Last updated 29 Apr 2024

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M35 and 2003 QC10

2003 QC10 was discovered by LINEAR on 2003 Aug 22 in Taurus, between the Pleiades and Hyades, travelling east. Two weeks later it had reached Gemini and passed through M35 on the morning of September 4th when the image above was obtained. Two days later it reached its closest to Earth (0.398 AU) and started to fade rapidly as it moved into morning twilight.

The rich but small star cluster NGC 2158 is just out of field to the southwest.

Because of the relatively fast motion of 2003 QC10 (7.4"/minute) exposures were limited to 26 second each to keep trailing of the asteroid to about 3". A total of 24 images were taken for stacking together to reveal the NEO.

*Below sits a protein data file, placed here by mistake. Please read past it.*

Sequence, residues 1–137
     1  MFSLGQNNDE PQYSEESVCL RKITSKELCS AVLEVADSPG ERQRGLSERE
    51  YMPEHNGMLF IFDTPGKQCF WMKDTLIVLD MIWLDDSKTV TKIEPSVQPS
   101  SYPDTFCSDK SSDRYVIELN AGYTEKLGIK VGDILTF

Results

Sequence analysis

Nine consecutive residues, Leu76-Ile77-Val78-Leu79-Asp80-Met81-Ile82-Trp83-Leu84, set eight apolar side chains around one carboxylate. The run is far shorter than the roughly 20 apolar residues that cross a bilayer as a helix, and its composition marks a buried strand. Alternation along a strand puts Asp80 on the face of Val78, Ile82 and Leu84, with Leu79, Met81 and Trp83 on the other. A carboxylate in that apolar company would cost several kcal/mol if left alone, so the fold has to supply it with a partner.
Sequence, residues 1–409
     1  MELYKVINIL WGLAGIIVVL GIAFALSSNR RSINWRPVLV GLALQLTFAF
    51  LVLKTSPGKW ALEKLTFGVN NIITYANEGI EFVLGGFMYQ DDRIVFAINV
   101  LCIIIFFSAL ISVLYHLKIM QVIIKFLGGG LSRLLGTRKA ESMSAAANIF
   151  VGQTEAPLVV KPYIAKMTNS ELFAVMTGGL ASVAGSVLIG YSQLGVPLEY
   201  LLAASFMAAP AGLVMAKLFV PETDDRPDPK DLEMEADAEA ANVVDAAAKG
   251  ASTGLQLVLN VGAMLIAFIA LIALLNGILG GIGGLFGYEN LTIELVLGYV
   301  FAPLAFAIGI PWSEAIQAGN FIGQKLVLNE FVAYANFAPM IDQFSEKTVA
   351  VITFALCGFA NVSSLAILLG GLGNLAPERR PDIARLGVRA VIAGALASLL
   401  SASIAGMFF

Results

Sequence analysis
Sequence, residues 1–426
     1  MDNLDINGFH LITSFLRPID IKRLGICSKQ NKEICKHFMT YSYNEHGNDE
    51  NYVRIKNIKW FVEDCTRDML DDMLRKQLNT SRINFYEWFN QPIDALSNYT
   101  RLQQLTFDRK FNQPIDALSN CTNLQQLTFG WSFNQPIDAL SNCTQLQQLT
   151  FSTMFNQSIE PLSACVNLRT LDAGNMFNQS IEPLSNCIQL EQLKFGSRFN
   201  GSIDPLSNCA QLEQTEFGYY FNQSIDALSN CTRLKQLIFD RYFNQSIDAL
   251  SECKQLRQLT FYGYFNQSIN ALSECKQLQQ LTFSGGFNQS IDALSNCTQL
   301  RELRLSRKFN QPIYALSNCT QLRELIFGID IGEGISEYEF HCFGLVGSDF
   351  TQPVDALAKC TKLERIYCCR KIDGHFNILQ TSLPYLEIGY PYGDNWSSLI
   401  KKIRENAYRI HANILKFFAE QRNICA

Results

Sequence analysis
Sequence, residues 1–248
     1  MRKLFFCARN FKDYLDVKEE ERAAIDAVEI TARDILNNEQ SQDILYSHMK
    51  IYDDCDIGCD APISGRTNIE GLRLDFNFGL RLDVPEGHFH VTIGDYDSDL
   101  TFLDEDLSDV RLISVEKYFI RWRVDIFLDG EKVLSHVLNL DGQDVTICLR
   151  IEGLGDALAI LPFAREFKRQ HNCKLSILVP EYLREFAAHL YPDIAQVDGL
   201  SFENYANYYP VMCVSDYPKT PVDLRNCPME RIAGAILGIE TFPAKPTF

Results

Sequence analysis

The rectangle in the main image above is enlarged below with the motion of 2003 QC10 marked. The last two images of the 24 taken could not be used as the asteroid had moved too close to the star just to the east of the track.

Stacking the 22 usable images together to compensate for the asteroid's motion allows it to be detected as shown in the image below.

The star field shown above can still be made out even though the stars are now long streaks. In particular, see the bright star marked A in both images and the star marked B in the image above. Between star A and B are a number of quite obvious background stars. The stacking process concentrates the asteroids brightness but spreads the stars light out, making them appear fainter. Note in the image below star B is visible as a very faint trail of dots extending from star A to within the circle marking 2003 QC10, each dot being fainter than the asteroid.

2003 QC10


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